Australia should expand flights to key south-east Asian markets such as Malaysia, the Philippines, Thailand and Vietnam, according to a sweeping economic blueprint to boost trade.
The strategy, to be released by the prime minister, Anthony Albanese, on Wednesday, also calls on the government to cut foreign investment barriers, fast track visas and urgently improve Australia’s “south-east Asia literacy”.
Australia’s two-way trade with south-east Asian countries was worth $178bn in 2022, but has been rising more slowly than average economic growth across the “powerhouse” region, the document warns.
The government commissioned the former Macquarie Group boss Nicholas Moore to examine how to tap into that growth.
His report makes 75 recommendations, including expanding “air links to help promote the movement of people, goods and services with the region”.
Moore’s report says: “Given the reliance of travellers between Australia and south-east Asia on air travel, ensuring airlines are well positioned to cater for future demand will be crucial.
“The Australian government should seek to enhance capacity opportunities available to airlines under air service agreements so that they remain ahead of demand, enabling future growth and competition to support increases in travel and freight.”
That echoes a submission from the Australian Airports Association, which argued bilateral air services agreements were constraining access from Malaysia, the Philippines, Thailand and Vietnam.
The association said better negotiation of those agreements and reform of the visa-issuing system would help “overcome some of the obstacles faced by airports in serving south-east Asian markets for tourism, education, skills and training”.
However, government figures show there is still some room for growth in existing agreements.
For example, Malaysia is using only 27,576 out of the 36,500 seats allowed each week into key gateway airports of Sydney, Melbourne, Brisbane and Perth.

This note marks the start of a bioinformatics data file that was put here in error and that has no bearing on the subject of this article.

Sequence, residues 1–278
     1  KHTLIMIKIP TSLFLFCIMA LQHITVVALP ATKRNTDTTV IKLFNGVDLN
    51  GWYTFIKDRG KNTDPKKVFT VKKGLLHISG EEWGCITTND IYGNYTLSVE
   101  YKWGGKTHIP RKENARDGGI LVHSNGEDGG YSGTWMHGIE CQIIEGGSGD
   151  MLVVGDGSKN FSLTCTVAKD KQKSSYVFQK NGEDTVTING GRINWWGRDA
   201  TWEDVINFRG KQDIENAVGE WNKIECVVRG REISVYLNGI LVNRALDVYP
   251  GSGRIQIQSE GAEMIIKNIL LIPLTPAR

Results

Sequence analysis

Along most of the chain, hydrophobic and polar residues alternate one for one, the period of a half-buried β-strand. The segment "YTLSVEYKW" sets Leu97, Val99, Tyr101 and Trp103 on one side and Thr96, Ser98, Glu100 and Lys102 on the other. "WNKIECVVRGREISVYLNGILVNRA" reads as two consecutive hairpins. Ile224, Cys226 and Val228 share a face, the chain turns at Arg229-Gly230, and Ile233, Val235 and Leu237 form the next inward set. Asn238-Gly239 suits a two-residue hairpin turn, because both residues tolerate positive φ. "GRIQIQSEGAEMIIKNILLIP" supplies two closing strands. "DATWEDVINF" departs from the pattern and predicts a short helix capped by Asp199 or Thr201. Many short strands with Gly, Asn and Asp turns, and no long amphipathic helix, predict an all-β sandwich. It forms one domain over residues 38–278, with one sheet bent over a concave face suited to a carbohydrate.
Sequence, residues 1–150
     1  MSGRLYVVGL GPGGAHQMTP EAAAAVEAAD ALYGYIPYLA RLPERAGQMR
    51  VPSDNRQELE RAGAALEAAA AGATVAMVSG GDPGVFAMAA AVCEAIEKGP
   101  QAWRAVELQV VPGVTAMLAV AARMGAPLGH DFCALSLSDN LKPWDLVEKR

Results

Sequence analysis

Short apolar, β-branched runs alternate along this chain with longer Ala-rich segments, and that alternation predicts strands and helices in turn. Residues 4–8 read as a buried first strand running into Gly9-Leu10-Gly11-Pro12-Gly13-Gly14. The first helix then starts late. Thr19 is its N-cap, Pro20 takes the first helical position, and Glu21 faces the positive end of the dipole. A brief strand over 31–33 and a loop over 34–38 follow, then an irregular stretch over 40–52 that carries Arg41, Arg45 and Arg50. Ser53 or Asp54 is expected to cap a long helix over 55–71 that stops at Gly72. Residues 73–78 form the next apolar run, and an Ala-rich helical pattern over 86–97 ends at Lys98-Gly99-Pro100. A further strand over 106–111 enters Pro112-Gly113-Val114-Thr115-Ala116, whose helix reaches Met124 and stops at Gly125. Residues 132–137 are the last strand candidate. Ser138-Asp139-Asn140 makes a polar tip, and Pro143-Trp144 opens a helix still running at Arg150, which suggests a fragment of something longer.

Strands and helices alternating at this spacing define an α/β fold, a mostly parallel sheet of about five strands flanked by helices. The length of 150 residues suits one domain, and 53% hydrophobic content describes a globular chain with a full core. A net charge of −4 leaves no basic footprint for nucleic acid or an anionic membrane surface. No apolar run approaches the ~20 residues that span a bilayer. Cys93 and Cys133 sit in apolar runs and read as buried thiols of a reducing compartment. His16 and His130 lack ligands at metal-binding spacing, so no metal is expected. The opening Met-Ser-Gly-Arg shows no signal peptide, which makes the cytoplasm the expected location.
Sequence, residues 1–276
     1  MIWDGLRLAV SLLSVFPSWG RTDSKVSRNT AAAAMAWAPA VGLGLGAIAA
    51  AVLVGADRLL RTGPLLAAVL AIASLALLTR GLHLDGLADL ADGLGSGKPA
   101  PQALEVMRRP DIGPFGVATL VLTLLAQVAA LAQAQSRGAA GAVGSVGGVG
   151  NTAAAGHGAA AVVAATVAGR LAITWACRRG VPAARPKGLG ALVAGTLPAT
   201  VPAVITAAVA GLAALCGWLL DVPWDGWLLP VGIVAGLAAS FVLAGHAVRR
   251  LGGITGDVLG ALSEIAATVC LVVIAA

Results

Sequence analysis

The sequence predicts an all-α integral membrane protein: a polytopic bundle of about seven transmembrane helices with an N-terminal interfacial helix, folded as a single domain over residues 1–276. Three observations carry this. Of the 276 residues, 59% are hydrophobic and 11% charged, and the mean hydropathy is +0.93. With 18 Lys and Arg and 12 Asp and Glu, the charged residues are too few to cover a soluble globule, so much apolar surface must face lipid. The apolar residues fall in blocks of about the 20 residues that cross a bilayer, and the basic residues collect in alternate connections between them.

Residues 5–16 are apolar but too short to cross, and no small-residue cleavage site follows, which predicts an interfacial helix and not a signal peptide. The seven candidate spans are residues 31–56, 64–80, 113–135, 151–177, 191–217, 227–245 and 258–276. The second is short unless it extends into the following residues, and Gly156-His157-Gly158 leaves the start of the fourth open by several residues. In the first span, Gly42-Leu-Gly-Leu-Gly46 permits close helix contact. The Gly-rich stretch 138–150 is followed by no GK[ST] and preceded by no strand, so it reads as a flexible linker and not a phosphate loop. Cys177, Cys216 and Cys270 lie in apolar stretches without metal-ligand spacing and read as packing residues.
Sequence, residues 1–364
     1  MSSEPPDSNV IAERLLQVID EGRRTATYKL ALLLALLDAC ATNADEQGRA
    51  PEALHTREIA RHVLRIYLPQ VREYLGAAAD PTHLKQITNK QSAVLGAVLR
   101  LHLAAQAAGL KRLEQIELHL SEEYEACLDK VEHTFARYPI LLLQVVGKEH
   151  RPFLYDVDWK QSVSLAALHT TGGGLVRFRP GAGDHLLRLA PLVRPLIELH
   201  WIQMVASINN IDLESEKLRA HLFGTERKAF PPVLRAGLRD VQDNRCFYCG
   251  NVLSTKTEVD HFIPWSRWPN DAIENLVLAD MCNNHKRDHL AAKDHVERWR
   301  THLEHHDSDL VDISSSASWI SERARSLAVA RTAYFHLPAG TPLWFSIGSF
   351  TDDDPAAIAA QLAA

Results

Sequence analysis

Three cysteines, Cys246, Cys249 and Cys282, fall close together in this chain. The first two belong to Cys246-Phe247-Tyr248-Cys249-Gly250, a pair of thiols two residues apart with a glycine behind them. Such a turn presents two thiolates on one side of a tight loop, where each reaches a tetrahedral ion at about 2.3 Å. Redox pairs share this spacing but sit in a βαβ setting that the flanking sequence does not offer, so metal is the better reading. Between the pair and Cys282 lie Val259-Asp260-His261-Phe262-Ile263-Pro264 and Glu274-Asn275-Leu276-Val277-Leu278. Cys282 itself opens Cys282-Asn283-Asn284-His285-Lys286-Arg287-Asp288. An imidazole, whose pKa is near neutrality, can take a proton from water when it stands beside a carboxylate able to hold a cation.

Thailand is using only about half of the 20,000 seats allowed into these major airports each week.
“Particular focus should be directed towards those agreements projected to reach capacity entitlements in the next five years,” the review says.
“Additionally, the Australian government could explore open skies agreements with interested south-east Asian partners where in the national interest and on a reciprocal basis.”
The report, Invested: Australia’s south-east Asia economic strategy to 2040, predicts the region’s expanding middle class will lead to increased consumer demand.
It says south-east Asia, as a bloc, is “projected to become the world’s fourth-largest economy by 2040, after the United States, China and India, with an expected compound annual growth rate of 4% between 2022 and 2040”.
But it warns that Australia’s role is not “assured”.
“While Australia’s trade with the region has grown in nominal terms over the past 20 years, the proportion of total trade has remained constant at around 14%,” the report says.
“Australian investment in the region is underweight, and growth in foreign direct investment has stagnated in the past decade.”
A government source said Australia’s lagging performance in south-east Asia was both a “lost opportunity and a strategic liability”.
The source said Australia wanted to boost its trade and investment links to give countries in the region “options and alternatives” – an apparent reference to intensifying competition with China for influence.
Addressing the geostrategic environment, the report says: “Expanding economic linkages between Australia and south-east Asia provides choices and creates shared wealth, contributing to a strategic equilibrium.”
The report urges the government to set up a “concierge service” to help south-east Asian investors navigate the process of obtaining Australian approvals.
It also flags the need to “streamline” foreign investment processes. That follows complaints from some companies that had already invested in Australia that “the need to seek new approvals for further investments may disincentivise investment”.
Albanese, who will release the report in Jakarta on Wednesday, said: “Our economic future lies with south-east Asia. This strategy outlines how we can harness this growth, and seize the vast trade and investment opportunities our region presents.”
The report urges the government to establish Austrade “landing pads” in Indonesia and Vietnam to support Australian tech companies, similar to an existing initiative in Singapore.
The report lists 10 priority sectors as offering the most potential for growth, including agriculture, resources, the green energy transition and infrastructure.
The other key sectors are education and skills; healthcare; the visitor economy; the digital economy; creative industries; and professional and financial services.
The Business Council of Australia welcomed the strategy as “a significant step”.
Its chief executive, Jennifer Westacott, said businesses should “double down on our efforts to tap into these expanding economies – which offer huge growth and investment opportunities for Australia”.